A noninvasive treatment that heats specific areas of brain tissue may ease movement symptoms in some people with Parkinson’s disease, a clinical trial has found.
The study tested the effects of an incision-free procedure called focused ultrasound ablation, where doctors use sound waves to heat and destroy specific spots of brain tissue contributing to movement problems.
It has been used for several years to treat some patients with Parkinson’s disease whose primary symptom is tremor in the limbs.
This latest trial aimed to treat a different group of patients: those troubled by dyskinesias — a side effect of Parkinson’s medications that causes the body to twitch or jerk involuntarily; and those who were still having movement problems between their medication doses.
Researchers found that of patients they randomly assigned to have focused ultrasound, 69% were showing a good response three months later. That compared with 32% of patients who underwent a “sham” version of the procedure.
The findings — published Feb. 23 in the New England Journal of Medicine — have already had an impact.
Based on the results, the U.S. Food and Drug Administration in late 2021 approved the device used in the trial, called Exablate Neuro, for treating movement problems in people with advanced Parkinson’s.
But it’s not yet covered by insurance, including Medicare, said researcher Dr. Howard Eisenberg, a professor and neurosurgeon at the University of Maryland Medical Center in Baltimore.
So for the time being, patients are paying out of pocket.
Parkinson’s disease affects nearly 1 million people in the United States alone, according to the Parkinson’s Foundation.
It involves an abnormal buildup of a protein called alpha-synuclein in the neurons (nerve cells) in the brain. Over time, the brain loses cells that produce dopamine, a chemical that helps regulate movement and emotional responses.
Parkinson’s causes an array of symptoms, but the most visible signs are movement-related — such as tremors, stiff limbs and coordination problems. Medications that either temporarily replenish dopamine, or mimic its actions, are a standard treatment for those movement symptoms.
Many people, though, develop dyskinesias as a side effect, or have movement problems crop up when their last medication dose starts to wane. At that point, they can opt to try a procedure — and the “gold standard” is deep brain stimulation (DBS), Eisenberg said.
DBS involves implanting electrodes in specific areas of the brain to deliver electrical pulses that disrupt abnormal brain activity. It can ease Parkinson’s symptoms, but the downside is that it requires open brain surgery and leaving hardware in the body (including a pacemaker-like device in the chest).
“Some people don’t like the idea of having a device implanted,” Eisenberg said. “It’s scary to them.”
Focused ultrasound offers a noninvasive alternative. Doctors use MRI imaging to visualize the brain and guide ultrasound beams to tiny areas of tissue to heat and disable. Eisenberg likened it to using a magnifying glass to focus a ray of sunlight on a leaf to burn a pin-size hole.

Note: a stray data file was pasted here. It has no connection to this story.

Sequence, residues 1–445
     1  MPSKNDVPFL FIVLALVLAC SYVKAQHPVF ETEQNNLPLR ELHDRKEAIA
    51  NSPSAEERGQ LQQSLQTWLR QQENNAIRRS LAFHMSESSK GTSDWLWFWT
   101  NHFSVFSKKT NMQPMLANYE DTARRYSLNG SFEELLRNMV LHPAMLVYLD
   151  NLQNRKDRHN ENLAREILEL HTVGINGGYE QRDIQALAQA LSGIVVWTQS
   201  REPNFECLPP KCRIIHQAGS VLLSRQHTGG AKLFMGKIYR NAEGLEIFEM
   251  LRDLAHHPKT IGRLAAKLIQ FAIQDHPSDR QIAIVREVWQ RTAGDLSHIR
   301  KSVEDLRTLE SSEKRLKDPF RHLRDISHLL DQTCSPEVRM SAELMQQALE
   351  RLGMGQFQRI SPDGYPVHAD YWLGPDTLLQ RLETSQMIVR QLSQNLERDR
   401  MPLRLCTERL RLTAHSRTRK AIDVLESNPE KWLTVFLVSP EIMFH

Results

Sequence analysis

The current trial, funded by Exablate Neuro’s manufacturer Insightec, involved 94 patients with dyskinesias or movement impairments despite medication. The researchers randomly assigned 69 to undergo the ultrasound procedure, while 25 had a sham (inactive) version of it.
Three months later, 69% of patients who had the real treatment were considered responders — based on a pre-defined improvement in their scores on a standard measure of Parkinson’s movement problems.
That means, however, that almost one-third did not have such a response, said Anette Schrag, a neurologist at University College London.
And right now, it’s hard to predict which patients are likely to respond well, said Schrag, who wrote an editorial published with the study.
James Beck is chief scientific officer at the nonprofit Parkinson’s Foundation.
He said focused ultrasound “represents an important tool for those few patients who may not otherwise qualify for DBS or may not want to undergo the procedure.”
But, Beck said, DBS has advantages over ultrasound: “Unlike DBS, focused ultrasound cannot treat progressively worsening symptoms, and the lesion cannot be modified after treatment.”
In contrast, he said, DBS can be “continuously adjusted” and the implants can be removed if needed.
And while ultrasound is incision-free, that does not mean it’s risk-free, Eisenberg said. It can cause side effects like loss of taste, visual disturbances and slurred speech.
In the trial, those side effects were mostly mild and resolved within a few weeks. But, Eisenberg said, they do not always go away.
Another big question is the “durability” of the benefits, Eisenberg said. The trial patients will be followed for five years to get an answer.
For now, focused ultrasound can only be performed on one side of the brain when it’s done for Parkinson’s movement problems — meaning it can only ease symptoms on the opposite side of the body. So doctors treat the more severely affected side.
Eisenberg and his colleagues are now conducting a trial of using the procedure on the both sides of the brain.
The Parkinson’s Foundation has more on Parkinson’s disease treatment.
SOURCES: Howard Eisenberg, MD, professor, neurosurgery, University of Maryland School of Medicine, neurosurgeon, University of Maryland Medical Center, Baltimore; James Beck, PhD, chief scientific officer, Parkinson’s Foundation, Miami/New York City; Anette Schrag, PhD, professor, clinical neuroscience, consultant neurologist, University College London; New England Journal of Medicine, Feb. 23, 2023
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